Tuesday, 25 June 2013

New types of antibiotics being investigated

Researchers are currently embarking on a major project where over forty different substances are being screened to see if they can be utilized as potent antibiotics.
A research report describes how researchers are examining forty-six previously untested molecules as potential antibiotics. Each of these chemicals targets and disrupts an important step in the process of protein synthesis in bacteria, thereby making the bacteria incapable of replicating. Essentially this stops growth and therefore an infection from spreading.
Although there are forty-six potential chemicals, the researchers began by testing around 663,000 different molecules against a strain of E. coli bacteria and monitored how the chemicals affecting the growth and survival of the bacterium.
The more successful chemicals were then tested against the bacteria Shigella, known to cause food poisoning. This genus is related to Salmonella and to the organism that causes anthrax (Bacillus anthracis), which sometimes can be lethal in humans and other animals.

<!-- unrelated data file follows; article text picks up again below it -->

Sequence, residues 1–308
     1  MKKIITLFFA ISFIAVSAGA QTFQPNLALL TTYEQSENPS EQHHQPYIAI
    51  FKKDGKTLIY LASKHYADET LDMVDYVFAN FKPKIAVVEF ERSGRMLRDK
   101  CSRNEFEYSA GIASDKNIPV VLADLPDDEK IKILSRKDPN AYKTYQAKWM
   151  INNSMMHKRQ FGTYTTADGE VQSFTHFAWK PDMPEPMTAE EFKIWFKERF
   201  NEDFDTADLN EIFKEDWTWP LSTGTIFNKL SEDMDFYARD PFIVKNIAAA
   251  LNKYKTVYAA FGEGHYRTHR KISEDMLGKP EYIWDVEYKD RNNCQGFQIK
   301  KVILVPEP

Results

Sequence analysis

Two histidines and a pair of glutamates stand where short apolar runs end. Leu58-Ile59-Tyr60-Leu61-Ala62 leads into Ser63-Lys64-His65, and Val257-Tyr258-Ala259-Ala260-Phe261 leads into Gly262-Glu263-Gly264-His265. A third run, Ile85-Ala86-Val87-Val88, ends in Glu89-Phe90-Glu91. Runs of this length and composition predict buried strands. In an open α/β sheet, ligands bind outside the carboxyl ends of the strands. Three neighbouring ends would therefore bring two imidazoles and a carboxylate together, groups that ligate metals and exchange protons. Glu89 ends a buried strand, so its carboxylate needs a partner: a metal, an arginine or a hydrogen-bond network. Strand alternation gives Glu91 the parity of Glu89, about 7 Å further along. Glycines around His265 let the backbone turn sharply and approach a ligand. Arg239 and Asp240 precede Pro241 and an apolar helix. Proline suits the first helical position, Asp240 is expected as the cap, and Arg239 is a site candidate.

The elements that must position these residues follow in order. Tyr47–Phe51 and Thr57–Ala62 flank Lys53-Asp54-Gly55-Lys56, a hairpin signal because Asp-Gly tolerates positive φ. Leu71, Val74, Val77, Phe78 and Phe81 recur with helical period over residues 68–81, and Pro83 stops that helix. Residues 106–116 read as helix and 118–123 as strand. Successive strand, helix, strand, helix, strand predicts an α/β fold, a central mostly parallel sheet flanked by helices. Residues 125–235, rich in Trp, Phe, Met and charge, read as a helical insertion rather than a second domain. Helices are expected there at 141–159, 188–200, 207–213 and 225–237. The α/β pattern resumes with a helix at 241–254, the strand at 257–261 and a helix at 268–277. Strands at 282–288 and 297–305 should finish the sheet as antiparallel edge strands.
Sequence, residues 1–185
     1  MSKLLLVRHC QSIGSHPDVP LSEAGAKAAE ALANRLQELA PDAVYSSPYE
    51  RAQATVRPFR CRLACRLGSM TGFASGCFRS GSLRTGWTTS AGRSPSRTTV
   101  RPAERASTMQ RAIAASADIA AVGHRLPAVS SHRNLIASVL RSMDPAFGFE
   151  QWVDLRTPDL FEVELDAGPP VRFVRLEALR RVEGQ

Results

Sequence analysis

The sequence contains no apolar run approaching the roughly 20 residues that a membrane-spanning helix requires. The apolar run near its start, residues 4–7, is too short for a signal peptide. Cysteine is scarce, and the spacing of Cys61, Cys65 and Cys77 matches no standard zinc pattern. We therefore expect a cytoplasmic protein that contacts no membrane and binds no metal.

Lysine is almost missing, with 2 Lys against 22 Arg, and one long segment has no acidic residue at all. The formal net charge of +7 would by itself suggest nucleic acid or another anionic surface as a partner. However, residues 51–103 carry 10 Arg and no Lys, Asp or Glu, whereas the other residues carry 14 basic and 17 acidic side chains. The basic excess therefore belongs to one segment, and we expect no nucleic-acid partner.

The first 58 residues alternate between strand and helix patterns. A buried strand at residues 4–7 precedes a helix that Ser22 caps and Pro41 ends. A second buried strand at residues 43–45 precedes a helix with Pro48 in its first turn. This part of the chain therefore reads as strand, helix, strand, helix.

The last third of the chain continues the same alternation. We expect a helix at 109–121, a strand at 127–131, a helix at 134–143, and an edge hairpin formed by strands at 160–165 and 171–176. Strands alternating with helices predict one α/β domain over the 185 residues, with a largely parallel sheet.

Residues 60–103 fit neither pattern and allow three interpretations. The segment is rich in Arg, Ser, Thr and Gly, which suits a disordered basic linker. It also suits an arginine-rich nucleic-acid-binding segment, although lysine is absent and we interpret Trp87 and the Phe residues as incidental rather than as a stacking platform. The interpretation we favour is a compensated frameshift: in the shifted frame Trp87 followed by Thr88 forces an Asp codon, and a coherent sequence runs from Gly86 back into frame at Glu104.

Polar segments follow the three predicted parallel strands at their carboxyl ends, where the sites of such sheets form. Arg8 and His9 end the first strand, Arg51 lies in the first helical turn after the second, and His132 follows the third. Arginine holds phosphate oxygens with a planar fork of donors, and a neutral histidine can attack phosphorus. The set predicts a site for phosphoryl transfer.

Currently one molecule appears very effective. The molecule is called KKL-35. This molecule appears to inhibit the growth of very distantly related bacteria and may have the greatest potential as a universal antibiotic.
The research is being conducted by Kenneth Keiler, an associate professor of biochemistry and molecular biology at Penn State. The latest research has been published in the journal PNAS in a paper titled “Small molecule inhibitors of trans-translation have broad-spectrum antibiotic activity.”

Posted by Tim Sandle